A Journey Through Time: The History of Social Security

Posted on 06/20/24

In the fabric of society, few programs have woven themselves as deeply into the American culture as Social Security. The economic devastation of the Great Depression further exposed society's vulnerabilities, with millions of older Americans in poverty and many more at risk of financial ruin. In response, the Social Security Act was signed into law to better ensure a measure of income security for older Americans in retirement.

 Over the subsequent decades, it has matured into a vital source of guaranteed,
inflation-adjusted income for millions of retirees who pay in and earn their Social Security through payroll taxes they and their employers contribute throughout their working lives. Social Security also enjoys widespread support across all ages and demographic groups.

 Today, 225,000 Delawareans receive Social Security. Most of those age 65 or older count on Social Security as their largest source of income, and about 19% of households rely on Social Security for 90% or more of their income.

 With 90% of people saying Social Security is important to their retirement security, it is instructive to understand how it was created and how it has evolved over time.

Here's a timeline of significant events in the history of Social Security.

Aug. 14, 1935: President Franklin Roosevelt signed the Social Security Act into law.

Aug. 10, 1939:  The program was broadened to include benefits for workers’ dependents and survivors.

October 1950: Congress authorized the first cost-of-living adjustment (COLA), an increase of 77 percent.

September 1960: President Eisenhower signed a law amending the disability rules to permit payment of benefits to disabled workers of any age and to their dependents.

June 30, 1961: All workers are now allowed to retire early at age 62, albeit at a reduced Social Security benefit. Previously, benefits could not be claimed until the normal retirement age (NRA) of 65.

Oct. 30, 1972: President Nixon signed the Social Security Amendments making the cost-of-living adjustment automatic each year,

April 20, 1983: President Ronald Reagan signed into law sweeping changes to Social Security aimed at addressing the imminent Social Security funding gap. These included moving up scheduled increases in the payroll taxes that fund Social Security, gradually raising the normal retirement age to 67, and making 50 percent of Social Security benefits taxable for recipients with incomes above $25,000 for an individual and $32,000 for married couples filing jointly.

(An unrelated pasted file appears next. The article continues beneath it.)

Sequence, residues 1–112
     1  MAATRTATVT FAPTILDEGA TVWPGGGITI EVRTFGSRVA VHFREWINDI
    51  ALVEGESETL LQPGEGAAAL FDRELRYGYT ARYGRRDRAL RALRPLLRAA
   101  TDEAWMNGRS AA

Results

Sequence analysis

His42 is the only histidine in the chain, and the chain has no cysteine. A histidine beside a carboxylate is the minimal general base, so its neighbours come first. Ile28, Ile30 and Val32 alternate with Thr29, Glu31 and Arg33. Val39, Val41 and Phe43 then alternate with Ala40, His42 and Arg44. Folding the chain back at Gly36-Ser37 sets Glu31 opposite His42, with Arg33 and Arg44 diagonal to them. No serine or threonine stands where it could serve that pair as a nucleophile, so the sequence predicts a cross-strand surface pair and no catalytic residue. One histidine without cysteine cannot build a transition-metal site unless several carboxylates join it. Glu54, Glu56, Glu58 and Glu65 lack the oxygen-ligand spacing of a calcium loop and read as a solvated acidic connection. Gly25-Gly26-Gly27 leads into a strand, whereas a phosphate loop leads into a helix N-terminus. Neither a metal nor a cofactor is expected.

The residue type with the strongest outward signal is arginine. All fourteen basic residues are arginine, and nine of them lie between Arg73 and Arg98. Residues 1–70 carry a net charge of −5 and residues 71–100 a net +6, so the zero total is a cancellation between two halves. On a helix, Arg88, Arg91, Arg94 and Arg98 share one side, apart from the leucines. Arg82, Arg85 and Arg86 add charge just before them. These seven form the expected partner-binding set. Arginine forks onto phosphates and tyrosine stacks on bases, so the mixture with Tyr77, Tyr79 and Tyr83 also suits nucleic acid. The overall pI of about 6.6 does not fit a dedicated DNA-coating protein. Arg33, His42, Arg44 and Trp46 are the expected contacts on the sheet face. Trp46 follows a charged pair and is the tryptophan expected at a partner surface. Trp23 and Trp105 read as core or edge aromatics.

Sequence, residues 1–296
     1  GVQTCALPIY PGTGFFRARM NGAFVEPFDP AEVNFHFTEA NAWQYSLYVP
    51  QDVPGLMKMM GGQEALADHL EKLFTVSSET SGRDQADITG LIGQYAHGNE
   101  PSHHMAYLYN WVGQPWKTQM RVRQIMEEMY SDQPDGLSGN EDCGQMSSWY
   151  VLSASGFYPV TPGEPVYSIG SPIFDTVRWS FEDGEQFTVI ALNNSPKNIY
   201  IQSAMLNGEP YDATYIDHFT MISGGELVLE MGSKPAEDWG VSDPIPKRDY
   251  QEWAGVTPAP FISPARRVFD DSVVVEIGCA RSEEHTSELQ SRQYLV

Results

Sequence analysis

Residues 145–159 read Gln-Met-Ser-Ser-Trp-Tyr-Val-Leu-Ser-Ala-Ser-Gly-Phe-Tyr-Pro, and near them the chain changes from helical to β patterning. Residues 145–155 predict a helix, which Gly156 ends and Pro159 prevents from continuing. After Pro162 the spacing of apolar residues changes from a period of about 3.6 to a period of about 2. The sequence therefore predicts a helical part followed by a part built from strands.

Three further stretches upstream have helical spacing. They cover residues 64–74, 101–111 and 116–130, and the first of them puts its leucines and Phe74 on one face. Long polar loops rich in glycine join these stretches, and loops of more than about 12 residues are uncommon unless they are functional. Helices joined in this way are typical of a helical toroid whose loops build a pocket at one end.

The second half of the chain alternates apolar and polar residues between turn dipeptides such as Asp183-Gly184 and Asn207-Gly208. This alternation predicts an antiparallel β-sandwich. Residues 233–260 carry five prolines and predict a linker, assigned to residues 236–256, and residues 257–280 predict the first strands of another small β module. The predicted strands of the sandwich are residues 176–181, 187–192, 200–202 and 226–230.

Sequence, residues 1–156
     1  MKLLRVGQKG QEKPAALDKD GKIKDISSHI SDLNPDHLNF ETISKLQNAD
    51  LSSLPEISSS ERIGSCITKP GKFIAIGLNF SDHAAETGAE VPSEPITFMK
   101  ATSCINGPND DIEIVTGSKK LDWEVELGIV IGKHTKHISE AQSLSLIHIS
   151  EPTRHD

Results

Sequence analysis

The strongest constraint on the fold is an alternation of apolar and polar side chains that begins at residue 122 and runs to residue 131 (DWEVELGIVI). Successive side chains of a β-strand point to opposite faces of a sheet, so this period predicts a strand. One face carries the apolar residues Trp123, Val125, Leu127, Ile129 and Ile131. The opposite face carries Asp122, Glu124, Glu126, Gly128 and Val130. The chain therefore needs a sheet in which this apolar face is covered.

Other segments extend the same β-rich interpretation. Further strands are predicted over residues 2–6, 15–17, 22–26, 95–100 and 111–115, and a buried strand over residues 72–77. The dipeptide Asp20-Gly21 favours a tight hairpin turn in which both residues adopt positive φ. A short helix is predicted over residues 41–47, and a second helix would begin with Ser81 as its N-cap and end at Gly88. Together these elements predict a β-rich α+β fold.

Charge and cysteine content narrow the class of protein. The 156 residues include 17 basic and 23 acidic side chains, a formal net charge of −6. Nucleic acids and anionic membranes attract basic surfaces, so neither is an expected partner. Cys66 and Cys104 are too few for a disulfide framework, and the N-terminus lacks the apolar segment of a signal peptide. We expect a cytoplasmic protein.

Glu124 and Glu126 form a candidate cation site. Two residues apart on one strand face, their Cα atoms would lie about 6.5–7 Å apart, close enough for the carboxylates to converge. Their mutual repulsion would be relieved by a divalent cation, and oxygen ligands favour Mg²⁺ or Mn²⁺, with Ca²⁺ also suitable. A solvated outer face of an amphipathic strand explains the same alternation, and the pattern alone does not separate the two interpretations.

Aug. 10, 1993: President Bill Clinton signed the Omnibus Budget Reconciliation Act, a large deficit reduction package of tax increases and spending cuts that included a provision raising the share of Social Security benefits subject to income tax from 50 percent to 85 percent for beneficiaries with incomes above $34,000 (single) or $44,000 (couple).


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May 6, 2024: According to the Social Security Trustees report, Social Security can pay full benefits until 2035. That doesn’t mean Social Security payments would end, but they would be funded only by each year’s payroll tax revenue. The Trustees estimate that would cover about 83 percent of scheduled benefit payments.

The history of Social Security is a testament to the promise between the government and its citizens. From its humble beginnings during the Great Depression, Social Security has stood the test of time, having never missed a payment, providing a foundation of retirement security to generations of Americans. Calculate your Social Security income with the AARP Social Security Calculator.

This story is provided by AARP Delaware. Visit the AARP Delaware page for more news, events, and programs affecting retirement, health care, and more.

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